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Gold investors race to exit in biggest price slump since 2013

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The trickle of investors exiting gold in recent months grew into a torrent.

[NEW YORK] The trickle of investors exiting gold in recent months grew into a torrent.

Gold futures slumped by the most in almost three years amid speculation that the period of easy monetary policy is ending. The European Central Bank was said to be building an informal consensus to gradually wind down bond purchases, while Federal Reserve officials talk up the increasing likelihood of an interest-rate increase in the US.

After posting the best first half in almost four decades, bullion is faltering as the prospect of higher rates and reduced stimulus curb demand for the metal as a store of value. Gold slid below US$1,300 an ounce for the first time since June in early New York trading after Fed Bank of Richmond President Jeffrey Lacker urged a rate hike to head off a pickup in inflation.

As yields on 10-year Treasuries and German bunds rose, the gold sell-off gathered steam.

"The race for the exits seems to be on," said Brad Yates, the head of trading for Dallas-based refiner Elemetal LLC. "While we may rally off the lows for a few days, we think there is a lot of backlog built up in the system that will be looking to get out."

By the time prices settled Tuesday, bullion futures for December delivery were down 3.3 per cent to US$1,269.70, the biggest loss for a most-active contract since December 2013. Aggregate trading was more than double the 30-day average, according to data compiled by Bloomberg.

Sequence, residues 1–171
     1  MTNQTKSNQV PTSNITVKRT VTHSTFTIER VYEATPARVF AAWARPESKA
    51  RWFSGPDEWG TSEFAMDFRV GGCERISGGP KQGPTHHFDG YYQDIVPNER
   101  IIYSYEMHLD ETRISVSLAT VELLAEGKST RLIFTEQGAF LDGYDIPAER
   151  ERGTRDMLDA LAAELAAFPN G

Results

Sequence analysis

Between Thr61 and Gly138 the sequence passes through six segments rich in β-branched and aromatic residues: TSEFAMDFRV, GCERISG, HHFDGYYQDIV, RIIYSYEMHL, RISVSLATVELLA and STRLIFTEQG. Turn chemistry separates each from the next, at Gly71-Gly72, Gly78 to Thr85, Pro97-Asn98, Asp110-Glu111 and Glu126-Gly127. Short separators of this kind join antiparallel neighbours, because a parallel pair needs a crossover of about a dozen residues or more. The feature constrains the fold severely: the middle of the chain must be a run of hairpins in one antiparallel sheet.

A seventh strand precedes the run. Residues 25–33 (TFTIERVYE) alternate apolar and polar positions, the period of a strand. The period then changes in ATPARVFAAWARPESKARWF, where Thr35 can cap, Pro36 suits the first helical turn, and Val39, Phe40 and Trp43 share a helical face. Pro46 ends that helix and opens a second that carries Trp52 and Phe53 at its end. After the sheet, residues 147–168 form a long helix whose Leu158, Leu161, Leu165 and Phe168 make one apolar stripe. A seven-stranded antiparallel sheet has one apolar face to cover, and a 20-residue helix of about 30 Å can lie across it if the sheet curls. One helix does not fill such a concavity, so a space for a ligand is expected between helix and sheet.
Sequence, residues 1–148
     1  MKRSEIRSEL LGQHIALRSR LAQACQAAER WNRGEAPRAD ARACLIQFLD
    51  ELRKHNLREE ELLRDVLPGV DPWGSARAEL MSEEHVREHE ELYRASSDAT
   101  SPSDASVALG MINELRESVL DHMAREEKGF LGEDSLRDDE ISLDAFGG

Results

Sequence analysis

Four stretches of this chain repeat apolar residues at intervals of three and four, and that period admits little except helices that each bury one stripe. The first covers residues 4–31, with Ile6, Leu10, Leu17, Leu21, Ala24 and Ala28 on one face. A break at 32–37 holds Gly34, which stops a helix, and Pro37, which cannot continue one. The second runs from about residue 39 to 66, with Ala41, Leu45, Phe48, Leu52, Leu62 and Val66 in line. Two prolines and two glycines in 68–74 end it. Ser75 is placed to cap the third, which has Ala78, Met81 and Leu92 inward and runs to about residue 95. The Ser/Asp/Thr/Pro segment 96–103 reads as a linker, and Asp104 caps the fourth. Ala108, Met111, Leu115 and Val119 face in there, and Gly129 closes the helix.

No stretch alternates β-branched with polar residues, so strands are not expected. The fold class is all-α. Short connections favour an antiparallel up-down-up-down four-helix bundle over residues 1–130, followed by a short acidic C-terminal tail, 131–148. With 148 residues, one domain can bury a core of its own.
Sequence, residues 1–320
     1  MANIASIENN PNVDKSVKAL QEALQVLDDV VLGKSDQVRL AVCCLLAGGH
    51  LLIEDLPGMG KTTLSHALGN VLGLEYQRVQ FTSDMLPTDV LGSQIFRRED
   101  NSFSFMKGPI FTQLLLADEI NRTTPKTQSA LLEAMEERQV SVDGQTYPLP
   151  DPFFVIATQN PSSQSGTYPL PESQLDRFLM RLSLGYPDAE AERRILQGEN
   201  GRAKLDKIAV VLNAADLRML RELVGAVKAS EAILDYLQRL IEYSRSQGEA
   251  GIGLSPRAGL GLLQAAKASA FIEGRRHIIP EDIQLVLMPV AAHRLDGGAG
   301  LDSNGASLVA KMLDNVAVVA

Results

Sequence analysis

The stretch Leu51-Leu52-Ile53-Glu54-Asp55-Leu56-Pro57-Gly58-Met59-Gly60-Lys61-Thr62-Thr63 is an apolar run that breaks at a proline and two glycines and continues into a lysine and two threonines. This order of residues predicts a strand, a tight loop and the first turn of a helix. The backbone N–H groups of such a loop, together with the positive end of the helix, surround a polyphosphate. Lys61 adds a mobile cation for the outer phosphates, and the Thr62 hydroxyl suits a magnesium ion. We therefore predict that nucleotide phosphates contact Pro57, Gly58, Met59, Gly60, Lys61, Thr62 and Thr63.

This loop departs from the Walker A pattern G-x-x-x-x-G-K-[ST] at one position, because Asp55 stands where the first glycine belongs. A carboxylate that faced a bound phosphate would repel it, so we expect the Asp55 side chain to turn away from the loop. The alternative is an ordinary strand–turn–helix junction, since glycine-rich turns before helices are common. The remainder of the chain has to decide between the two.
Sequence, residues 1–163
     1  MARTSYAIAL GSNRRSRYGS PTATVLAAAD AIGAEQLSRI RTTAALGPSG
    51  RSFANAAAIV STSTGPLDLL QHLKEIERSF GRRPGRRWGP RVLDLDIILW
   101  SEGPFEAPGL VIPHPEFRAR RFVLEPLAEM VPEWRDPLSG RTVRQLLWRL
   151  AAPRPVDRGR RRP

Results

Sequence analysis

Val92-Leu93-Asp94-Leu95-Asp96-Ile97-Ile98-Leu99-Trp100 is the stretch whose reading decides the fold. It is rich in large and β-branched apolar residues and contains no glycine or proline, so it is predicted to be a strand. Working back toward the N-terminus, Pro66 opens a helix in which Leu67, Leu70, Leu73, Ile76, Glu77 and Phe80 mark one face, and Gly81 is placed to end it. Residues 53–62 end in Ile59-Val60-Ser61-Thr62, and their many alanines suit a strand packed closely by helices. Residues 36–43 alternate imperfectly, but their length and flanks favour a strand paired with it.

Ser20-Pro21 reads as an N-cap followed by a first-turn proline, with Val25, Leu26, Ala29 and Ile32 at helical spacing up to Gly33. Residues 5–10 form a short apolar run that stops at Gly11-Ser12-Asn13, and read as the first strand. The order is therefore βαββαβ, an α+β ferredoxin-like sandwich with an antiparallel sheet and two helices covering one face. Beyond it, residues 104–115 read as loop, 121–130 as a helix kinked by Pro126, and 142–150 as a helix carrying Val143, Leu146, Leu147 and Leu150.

Gold slipped 0.3 per cent last quarter after rising 25 per cent in the first six months of 2016. On Tuesday, the drop below US$1,300, considered a key support level for traders who study charts, triggered liquidation of bullish bets "on a major scale," Ole Hansen, head of commodity strategy at Saxo Bank A/S in Hellerup, a Copenhagen suburb, said by e-mail.

Options trading on SPDR Gold Shares, the largest exchange-traded fund backed by the metal, surged above 500,000 contracts, more than double the 20-day average, according to data compiled by Bloomberg.

The downside has further to go and prices will likely bottom at US$1,257 an ounce, said Georgette Boele, a strategist at ABN Amro Bank NV in Amsterdam and last quarter's second-most accurate gold forecaster tracked by Bloomberg.

A break below that level could mean the end of this year's uptrend in the metal, she said in a report.

"A perfect storm pummels gold," Tai Wong, the director of commodity products trading at BMO Capital Markets in New York, said in an e-mail, referring to Mr Lacker's statement, the report on ECB tapering and the key technical level giving way.

"There's increasing realisation by central banks and the market that we have reached operational as well as effective limits of easy money. That will impair gold."